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Divine Providence

The Puritan minister and scholar, Cotton Mather, was once heard to explain that his daughter being badly burned in a fire was a punishment for his own sin. Expanding on this example, it would seem that relying on Divine Providence, the mercurial protector of children, seemed to preclude colonial parents from paying attention to their children’s health and safety needs.2 Parents often gave themselves up to the belief that their children would be taken away from them for the benefit of god.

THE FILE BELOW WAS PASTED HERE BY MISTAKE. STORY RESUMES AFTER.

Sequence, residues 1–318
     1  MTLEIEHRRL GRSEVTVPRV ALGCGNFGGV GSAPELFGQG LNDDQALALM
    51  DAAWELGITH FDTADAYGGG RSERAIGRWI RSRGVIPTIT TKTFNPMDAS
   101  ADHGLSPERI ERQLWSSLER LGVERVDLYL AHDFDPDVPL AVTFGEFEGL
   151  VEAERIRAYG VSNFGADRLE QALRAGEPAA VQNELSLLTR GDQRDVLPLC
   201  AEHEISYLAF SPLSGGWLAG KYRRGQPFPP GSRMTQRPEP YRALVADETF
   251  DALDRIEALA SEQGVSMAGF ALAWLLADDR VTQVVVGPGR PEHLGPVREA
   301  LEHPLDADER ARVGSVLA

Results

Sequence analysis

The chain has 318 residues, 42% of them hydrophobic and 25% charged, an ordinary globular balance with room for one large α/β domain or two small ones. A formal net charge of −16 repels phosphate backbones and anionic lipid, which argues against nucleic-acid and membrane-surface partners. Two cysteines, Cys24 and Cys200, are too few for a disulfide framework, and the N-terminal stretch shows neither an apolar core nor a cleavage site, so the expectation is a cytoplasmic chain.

To further reflect this deference to God in matters of a child’s life and death, Louisa Park in 1801 exclaimed, after the death of her beloved infant son, “Yet I do not wish thee back again, my lovely innocent. No—I will bless my God who has taken thee to Himself before though couldst offend him, and has saved thee from a life of sickness, sorrow, and woe, although it has been at the expense of my health and happiness.” It is as though parents comforted themselves with the idea that children were better off dead and in heaven.3

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